where you can listen to or download the entire 1950-1952 run of Tales of the Texas Rangers starring Joel McCrae (and his horse, Charcoal), whose consultant was famed Rangers Captain “Lone Wolf” Gonzaullas (said to have killed 31 men as a Ranger). It’s truly fine entertainment.

  13. Wow, Two-gun Steve, you are really taking me down memory lane here with “the pig” stories. Let me try to return the favor. As much as we vilified that weapon, it was pretty amazing to use when things became a little “het up,” as our Sarge used to say. I was totally blessed (from a firearms standpoint) to be able to shoot all the weapons I did. We began basic with the M14, transitioning to the M16. Then, we began AIT, where we had a CO and cadre that really liked to “burn up the tax dollars” by shooting as much as we could with the admirable goal of having all of us being able to shoot everyone else’s weapon. The 1911, M79, M60, M14A2, both mortars, even the M40 -101mm recoilless rifle, jeep-mounted. There were rumors that the M40 may have been used to hunt whitetail deer in Pa., but I wouldn’t know about that.

  14. Isn’t Mr. Noir that detective guy on Prairie Home Companion? Who knew that NPR could be so pro-gun?

  15. Dave (the Liberal, non-Uncle one): Many years have passed since I read a history that said Texas Rangers were typically toting four revolvers in at least one battle in Mexico. I recall it described as a very CQB fight, but I don’t remember in which town, or exactly when. Looking at Walker Colt history on the Internet, about a thousand of the Walker model likely got to the Rangers in Mexico by October, 1847. The Mounted Rifles troops are drawn as carrying slung carbines or rifles on horseback, and wearing a belt holster. Both Col. Jack Hays and Capt. Rip Ford, though, are each depicted at least once as wearing two belt holsters. As hanging two additional revolvers from the saddle was fairly standard practice, these examples of “Los Diablos Tejanos,” or “Rinches,” were likely fully qualified as advertised: “doubly well armed.”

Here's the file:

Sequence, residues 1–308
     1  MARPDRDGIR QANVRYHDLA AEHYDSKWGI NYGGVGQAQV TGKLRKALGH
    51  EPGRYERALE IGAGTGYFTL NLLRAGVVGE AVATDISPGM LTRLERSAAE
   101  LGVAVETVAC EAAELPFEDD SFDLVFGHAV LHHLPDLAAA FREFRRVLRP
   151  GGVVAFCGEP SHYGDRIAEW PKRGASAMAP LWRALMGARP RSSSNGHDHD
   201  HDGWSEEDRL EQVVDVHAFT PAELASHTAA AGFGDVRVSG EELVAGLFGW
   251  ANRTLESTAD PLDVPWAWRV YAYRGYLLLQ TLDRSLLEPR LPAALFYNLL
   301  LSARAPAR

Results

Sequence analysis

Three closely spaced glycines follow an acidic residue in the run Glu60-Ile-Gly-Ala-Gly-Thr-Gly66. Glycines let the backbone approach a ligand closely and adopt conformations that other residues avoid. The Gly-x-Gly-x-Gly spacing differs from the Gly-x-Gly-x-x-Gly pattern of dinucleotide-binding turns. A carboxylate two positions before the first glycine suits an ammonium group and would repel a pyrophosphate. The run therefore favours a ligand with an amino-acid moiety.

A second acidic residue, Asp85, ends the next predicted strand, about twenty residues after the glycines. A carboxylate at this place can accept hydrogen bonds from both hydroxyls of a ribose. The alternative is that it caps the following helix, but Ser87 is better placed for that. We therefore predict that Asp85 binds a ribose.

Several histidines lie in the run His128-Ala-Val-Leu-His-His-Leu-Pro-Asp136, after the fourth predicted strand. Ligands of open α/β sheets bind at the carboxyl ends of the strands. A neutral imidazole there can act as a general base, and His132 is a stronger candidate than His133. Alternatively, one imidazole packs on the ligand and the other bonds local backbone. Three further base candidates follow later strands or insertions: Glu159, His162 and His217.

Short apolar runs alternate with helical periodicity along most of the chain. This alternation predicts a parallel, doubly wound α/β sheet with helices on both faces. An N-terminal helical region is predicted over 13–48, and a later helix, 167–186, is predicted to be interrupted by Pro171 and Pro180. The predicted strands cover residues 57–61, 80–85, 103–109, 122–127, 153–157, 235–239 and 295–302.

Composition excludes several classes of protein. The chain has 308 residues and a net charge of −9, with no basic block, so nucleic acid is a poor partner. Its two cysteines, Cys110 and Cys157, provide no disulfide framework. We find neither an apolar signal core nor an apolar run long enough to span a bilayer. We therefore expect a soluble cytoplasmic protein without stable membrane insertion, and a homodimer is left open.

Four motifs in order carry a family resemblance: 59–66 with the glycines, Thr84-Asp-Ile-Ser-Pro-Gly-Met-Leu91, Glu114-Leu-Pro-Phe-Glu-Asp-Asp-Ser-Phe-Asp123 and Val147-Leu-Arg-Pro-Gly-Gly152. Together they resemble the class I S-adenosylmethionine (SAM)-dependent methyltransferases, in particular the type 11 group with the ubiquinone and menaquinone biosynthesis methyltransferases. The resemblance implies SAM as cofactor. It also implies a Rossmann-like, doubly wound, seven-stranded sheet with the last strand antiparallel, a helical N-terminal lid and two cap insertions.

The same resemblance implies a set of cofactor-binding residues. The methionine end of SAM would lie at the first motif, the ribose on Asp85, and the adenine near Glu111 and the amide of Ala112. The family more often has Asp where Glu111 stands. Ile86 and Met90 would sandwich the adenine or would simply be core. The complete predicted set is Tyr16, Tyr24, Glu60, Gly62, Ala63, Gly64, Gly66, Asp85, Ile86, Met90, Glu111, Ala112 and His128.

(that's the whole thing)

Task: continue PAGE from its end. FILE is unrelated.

16. Not to quibble but to share a bit of trivia: Col Cooper borrowed “An armed society is a polite society” from Robert A. Heinlein, the legendary science fiction author

  17. When I ride a motorcycle, I carry in a crossdraw holster on my left hip. When riding, I can twist it out with my left hand and keep my right on the throttle and brake, controlling the bike, or if I am walking, I can use a right hand crossdraw.
    I’ve shot many a feral dog while riding, they will run right up to a motorcycle. They recognize a long gun from a stopped car, but haven’t learned to fear a handgun from a motorcycle… yet.
    Anyway, Fezzywig, you might consider adding a crossdraw for your second revolver for dual use or backup as needed.

  18. Thanks, Petercat. I actually do prefer crossdraw. It is an easier draw from a seated position. When are we seated? In the car, in a restaurant, at a computer, and many people sit a lot at work. I also think the butt of the revolver seems to conceal better facing forward, than facing backward. I may be wrong about that, but at least I can view the bulge better. If the butt of the revolver is facing the rear, I can’t see it, but someone standing behind me may see the bulge.

  19. The Mossberg 500 also has advantages for us right handers who are terminally left eye dominant.

  20. Fezzywig, a lot of people don’t like crossdraw because you are supposedly sweeping 90 deg during the draw, but I find that most of that is pointed towards the ground, as with a normal draw. If you exercise proper trigger discipline, it shouldn’t be a problem.
    The biggest problem was in getting the trigger guard on my Security-Six enlarged.
    (Missouri winters + motorcycle + highway speed = thick gloves!)